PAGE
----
By Stanley A. Fishman, author of Tender Grassfed Meat
I know literally hundreds of ways to turn grassfed meat into wonderful meals. But I have to confess something. My favorite meal remains what it always has been—steak and French fries. I am not alone in this. Many accomplished chefs have admitted to the same desire.
Steak and French fries have gotten a very bad reputation over the last 40 years. I contend that the steak and French fries I will enjoy this coming Father’s Day will be nourishing and good for me, as well as absolutely delicious.
The Allure of Steak and French Fries
Why have steak and French fries remained so popular, even if most people think they are a guilty indulgence? Steak and French fries are a traditional food combination, going back to France. The French know something about good traditional food combinations. I will point out that the original steak and French fries used grassfed beef for the meat, and good old saturated animal fat, such as beef tallow or lard, for frying the potatoes. The potatoes used for this traditional dish were organic, since all food used to be organic. The combination of steak and potatoes provided a meal that had a perfect pH balance, with the potatoes balancing the meat. Frying the potatoes in plenty of good animal fat tamed the high glycemic index of the potatoes, since the potatoes were fried in such a way to ensure that they would absorb plenty of the fat. In fact, potatoes were always cooked with fat (usually animal fat), in traditional Europe. As a follower of the teachings of Dr. Weston A. Price, I consider the fat of healthy grassfed animals to be one of the best foods I can eat. An excellent article on this subject is “The Skinny on Fats.”
Perhaps the greatest attraction of this combination is the joy of eating tender, juicy meat with crisp, delicious potatoes.
My Traditional Steak and French Fries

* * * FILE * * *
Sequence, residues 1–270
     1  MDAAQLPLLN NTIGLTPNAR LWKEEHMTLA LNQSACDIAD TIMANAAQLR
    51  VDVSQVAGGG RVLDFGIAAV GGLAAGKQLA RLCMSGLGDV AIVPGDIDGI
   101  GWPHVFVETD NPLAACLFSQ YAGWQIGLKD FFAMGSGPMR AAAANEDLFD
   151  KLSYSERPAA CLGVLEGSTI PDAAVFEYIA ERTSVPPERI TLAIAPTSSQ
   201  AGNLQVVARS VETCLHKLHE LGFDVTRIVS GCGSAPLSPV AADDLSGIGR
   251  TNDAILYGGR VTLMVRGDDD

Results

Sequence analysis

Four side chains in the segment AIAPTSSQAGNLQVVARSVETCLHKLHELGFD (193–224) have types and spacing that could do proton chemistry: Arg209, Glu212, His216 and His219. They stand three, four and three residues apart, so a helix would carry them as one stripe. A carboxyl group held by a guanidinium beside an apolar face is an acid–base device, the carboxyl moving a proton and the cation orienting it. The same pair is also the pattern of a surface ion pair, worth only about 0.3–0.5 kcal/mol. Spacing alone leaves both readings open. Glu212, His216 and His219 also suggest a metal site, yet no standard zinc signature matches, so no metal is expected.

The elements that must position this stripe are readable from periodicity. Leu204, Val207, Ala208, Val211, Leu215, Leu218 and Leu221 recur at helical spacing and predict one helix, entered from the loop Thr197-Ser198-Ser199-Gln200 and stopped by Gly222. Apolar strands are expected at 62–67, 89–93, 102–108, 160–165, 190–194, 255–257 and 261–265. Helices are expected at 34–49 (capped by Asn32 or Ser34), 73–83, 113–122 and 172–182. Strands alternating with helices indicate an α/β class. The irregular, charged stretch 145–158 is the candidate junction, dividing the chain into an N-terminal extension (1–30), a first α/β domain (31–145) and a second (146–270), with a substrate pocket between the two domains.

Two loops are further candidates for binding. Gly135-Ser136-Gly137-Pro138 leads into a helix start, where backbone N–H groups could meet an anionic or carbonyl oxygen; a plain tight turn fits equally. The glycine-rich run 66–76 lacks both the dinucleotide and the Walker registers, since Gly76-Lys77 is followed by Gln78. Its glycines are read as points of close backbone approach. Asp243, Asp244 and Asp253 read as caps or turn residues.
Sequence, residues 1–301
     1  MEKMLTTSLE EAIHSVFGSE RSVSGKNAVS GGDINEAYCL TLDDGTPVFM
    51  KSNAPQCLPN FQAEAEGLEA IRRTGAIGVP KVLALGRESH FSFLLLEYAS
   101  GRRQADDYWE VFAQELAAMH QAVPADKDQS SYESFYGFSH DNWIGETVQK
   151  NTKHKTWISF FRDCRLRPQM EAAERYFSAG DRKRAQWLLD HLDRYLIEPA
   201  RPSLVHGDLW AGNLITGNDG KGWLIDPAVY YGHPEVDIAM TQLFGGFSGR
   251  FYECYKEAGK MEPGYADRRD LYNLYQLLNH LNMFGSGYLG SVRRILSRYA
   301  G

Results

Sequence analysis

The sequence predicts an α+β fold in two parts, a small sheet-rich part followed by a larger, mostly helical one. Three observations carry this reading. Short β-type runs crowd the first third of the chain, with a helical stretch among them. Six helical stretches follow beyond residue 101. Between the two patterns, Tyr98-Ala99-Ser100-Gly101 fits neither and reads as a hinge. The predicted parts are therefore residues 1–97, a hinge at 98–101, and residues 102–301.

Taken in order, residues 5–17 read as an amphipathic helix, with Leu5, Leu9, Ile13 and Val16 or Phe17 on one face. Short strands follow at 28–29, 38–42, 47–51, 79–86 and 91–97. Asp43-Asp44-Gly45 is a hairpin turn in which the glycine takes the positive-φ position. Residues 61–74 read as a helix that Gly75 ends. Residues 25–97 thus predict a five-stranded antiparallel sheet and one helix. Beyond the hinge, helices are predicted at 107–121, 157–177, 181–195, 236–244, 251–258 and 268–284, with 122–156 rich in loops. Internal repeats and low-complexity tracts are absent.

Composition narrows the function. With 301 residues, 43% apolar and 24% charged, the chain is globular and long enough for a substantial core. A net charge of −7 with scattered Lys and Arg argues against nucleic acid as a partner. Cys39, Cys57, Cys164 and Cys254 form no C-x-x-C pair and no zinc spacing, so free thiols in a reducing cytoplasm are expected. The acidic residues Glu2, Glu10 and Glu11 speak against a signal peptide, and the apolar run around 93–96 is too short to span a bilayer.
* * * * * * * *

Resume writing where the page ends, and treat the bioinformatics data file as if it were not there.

When I think of steak and French fries, I am not referring to the usual combination of a factory steak with factory potatoes fried at high heat in a modern vegetable oil. I think of a traditional, grassfed steak, with organic potatoes, fried at moderate heat in a traditional fat such as beef tallow or old-fashioned lard. This recreates the original ingredients that gave birth to the tradition.
A grassfed steak has much more flavor and will sustain and improve the natural functions of your body. Cooked right, it will be tender and taste so much better. The cuts I prefer for such a festive combination are Porterhouse, or a bone in rib steak, though I will also enjoy a strip steak, or even a less expensive cut such as center cut shoulder or cross rib. A less expensive cut of steak was often used for this dish in France, which was called Steak Frite. The cut I choose for the classic version is tri-tip steak, and my version of Steak Frite is contained on page 77 of my cookbook, Tender Grassfed Meat. The book also contains more than 20 other recipes for grassfed beef steak. These steaks all have something in common—they all go great with French fries.
I use only organic potatoes for French fries. I think it is important to use only organic potatoes, because conventional potatoes have been heavily sprayed with a number of pesticides, and just do not taste as good. I will fry the French fries in rendered beef tallow, or natural, unhydrogenated lard. I will fry the French fries twice, initially at a very moderate heat. Some might ask, “Doesn’t that mean that the fat will get into the potatoes?” You bet the fat will get into the potatoes. That’s a good thing. Eating fat with potatoes is an old European tradition. My recipe for Old Fashioned French Fries is contained on page 198 of Tender Grassfed Meat. You can see how they look in the photo above. They taste even better than they look.
A meal of traditional steak and French fries provides important nutrients that will maintain and support the very structure of your body, such as your bones, muscles, and cells, while also supporting your immune system and other body functions. But my main reason for wanting steak and French fries is that it tastes so very good.
This post is part of Real Food Wednesday Blog Carnival at Kelly the Kitchen Kop.
This post is part of Fight Back Friday Blog Carnival at Food Renegade.
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